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Farmworkers sue state for failing to enforce heat protection laws

July 30, 2009 | 11:36 am

The state has failed to protect farmworkers from heat illness and death, the American Civil Liberties Union of Southern California charged in a lawsuit filed in state court in Los Angeles this morning. 

“Farmworkers cannot have confidence that when they go to work, they will come home alive at the end of the day,” said Catherine Lhamon, assistant legal director at the ACLU.

The suit, on behalf of five farmworkers, alleges that the state and the California Occupational Safety and Health Standards Board has violated laborers’ rights by failing to enforce the law that exists and to pass laws that would better protect workers. 

California requires that employers provide water to all employees and access to shade and rest when workers feel ill. The regulations, which took effect in 2005, also mandate training on heat illness.

According to the United Farm Workers, 11 laborers have died of heat-related illness since 2005. United Farm Workers President Arturo Rodriguez said the lawsuit came after months of failed negotiations with the state. 

"It hasn’t been ignorance,” he said. “It has been neglect that has resulted in the deaths of farmworkers.”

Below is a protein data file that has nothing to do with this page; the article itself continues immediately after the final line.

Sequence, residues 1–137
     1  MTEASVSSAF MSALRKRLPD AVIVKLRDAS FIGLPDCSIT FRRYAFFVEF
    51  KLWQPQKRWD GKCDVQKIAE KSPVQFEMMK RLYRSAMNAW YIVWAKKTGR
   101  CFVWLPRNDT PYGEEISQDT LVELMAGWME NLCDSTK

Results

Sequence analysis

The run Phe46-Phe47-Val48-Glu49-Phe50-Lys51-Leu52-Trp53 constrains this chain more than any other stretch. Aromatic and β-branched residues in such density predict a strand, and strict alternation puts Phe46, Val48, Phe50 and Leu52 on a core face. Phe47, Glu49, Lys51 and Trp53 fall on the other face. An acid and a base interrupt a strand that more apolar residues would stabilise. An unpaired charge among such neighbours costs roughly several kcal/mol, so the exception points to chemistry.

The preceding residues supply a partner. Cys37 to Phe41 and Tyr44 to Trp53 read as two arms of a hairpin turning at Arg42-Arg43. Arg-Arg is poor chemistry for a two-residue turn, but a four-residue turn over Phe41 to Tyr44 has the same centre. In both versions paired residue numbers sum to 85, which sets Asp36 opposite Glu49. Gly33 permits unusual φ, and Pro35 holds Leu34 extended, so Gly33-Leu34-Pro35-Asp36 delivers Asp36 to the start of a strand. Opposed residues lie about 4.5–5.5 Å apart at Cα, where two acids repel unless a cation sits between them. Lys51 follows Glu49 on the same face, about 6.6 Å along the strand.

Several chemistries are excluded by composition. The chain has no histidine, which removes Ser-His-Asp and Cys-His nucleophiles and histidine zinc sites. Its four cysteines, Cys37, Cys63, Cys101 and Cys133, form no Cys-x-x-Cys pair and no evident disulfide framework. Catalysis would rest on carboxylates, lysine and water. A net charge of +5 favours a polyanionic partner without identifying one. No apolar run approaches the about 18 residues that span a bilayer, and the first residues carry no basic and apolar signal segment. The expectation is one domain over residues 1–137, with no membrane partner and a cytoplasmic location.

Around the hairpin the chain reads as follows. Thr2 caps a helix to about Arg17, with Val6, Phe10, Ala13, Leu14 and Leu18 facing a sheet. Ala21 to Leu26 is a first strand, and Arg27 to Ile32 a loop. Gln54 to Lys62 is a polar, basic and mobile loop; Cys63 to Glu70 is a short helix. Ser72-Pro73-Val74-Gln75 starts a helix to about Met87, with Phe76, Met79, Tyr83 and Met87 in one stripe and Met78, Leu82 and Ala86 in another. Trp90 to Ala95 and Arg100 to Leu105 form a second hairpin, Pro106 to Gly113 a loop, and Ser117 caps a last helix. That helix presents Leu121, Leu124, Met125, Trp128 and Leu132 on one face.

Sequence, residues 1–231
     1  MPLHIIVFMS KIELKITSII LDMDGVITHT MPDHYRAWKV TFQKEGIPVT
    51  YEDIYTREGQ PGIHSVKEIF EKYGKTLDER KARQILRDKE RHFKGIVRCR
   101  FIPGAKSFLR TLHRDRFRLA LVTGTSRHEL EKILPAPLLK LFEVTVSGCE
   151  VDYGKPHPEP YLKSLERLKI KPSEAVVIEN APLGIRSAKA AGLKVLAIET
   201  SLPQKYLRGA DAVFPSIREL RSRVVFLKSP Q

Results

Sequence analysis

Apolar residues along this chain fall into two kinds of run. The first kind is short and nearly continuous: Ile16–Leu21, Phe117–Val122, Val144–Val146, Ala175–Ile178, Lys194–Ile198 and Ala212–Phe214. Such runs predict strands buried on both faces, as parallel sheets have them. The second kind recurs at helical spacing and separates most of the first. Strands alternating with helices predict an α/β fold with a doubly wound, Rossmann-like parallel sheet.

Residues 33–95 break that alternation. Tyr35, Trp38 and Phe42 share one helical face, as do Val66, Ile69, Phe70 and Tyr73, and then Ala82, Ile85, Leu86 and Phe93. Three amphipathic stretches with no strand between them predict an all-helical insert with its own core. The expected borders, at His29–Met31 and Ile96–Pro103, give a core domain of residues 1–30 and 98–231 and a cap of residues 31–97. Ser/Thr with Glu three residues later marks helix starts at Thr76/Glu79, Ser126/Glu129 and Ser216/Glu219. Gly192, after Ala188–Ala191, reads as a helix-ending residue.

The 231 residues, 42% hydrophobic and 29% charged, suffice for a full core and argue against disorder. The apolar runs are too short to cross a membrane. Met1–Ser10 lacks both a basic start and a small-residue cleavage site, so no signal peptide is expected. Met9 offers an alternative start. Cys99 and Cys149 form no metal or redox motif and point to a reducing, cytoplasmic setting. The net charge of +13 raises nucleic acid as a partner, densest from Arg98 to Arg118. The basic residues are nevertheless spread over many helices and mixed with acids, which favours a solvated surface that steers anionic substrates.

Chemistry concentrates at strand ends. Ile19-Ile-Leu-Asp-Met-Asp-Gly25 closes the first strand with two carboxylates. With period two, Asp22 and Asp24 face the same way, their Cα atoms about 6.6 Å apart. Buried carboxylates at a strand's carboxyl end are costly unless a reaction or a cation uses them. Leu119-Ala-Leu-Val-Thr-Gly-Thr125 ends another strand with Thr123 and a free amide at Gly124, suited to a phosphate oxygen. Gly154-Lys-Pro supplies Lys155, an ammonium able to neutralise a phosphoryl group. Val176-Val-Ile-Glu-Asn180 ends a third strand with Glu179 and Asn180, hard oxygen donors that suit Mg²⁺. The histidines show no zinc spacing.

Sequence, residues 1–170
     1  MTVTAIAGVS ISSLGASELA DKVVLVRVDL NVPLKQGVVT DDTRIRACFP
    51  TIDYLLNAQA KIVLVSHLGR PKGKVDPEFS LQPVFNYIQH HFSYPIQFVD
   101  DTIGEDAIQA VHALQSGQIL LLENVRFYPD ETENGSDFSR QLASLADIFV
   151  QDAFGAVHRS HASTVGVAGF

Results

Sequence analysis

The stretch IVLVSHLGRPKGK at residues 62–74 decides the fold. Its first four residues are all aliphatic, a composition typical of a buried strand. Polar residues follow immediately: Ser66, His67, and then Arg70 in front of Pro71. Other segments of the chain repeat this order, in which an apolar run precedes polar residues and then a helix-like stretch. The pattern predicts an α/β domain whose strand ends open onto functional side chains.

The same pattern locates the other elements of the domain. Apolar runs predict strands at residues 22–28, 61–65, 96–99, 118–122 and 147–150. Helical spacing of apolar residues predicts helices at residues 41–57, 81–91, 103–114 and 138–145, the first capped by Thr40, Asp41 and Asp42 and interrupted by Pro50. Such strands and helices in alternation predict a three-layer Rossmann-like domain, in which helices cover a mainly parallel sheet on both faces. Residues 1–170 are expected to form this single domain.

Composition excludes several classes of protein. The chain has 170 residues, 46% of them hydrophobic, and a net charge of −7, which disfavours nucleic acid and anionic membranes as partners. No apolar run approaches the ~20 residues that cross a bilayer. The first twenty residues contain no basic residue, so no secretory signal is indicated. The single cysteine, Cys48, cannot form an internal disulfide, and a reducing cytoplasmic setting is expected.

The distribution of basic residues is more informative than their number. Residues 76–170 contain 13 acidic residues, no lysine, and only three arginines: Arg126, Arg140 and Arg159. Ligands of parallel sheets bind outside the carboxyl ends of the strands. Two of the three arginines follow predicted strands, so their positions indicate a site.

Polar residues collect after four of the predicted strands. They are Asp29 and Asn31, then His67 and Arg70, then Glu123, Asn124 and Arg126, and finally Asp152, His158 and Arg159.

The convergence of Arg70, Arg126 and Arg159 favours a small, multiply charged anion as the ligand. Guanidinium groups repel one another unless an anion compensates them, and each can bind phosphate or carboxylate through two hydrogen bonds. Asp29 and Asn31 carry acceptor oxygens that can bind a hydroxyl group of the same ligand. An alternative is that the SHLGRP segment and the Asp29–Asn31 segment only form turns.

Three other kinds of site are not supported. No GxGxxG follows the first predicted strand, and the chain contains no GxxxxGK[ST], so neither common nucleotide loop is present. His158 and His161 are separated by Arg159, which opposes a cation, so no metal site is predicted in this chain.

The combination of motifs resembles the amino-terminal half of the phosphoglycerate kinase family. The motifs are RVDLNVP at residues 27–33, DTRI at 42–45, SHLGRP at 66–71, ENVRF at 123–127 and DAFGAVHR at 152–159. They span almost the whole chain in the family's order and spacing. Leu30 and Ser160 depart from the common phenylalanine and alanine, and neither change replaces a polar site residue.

Cal-OSHA’s deputy director of communications Dean Fryer said the agency is encountering fewer violations and more compliance. 

“This lawsuit is misguided,” Fryer said in a prepared statement. “California is the first state in the nation to implement a regulation to protect workers from the summer heat and we still have the strongest regulation of the states who have now instituted a heat illness prevention standard. Cal/OSHA has done an effective job of preventing heat illnesses and fatalities.”

One of the plaintiffs, Margarita Alvarez Bautista, who picks citrus in the Coachella Valley, said she wants the state to protect her and her fellow workers. Her mother, Maria de Jesus Bautista, died on Aug. 2, 2008, two weeks after becoming ill while picking grapes in Riverside County in extreme heat.

“I don’t want other families to suffer like my family has,” she said.

-- Anna Gorman

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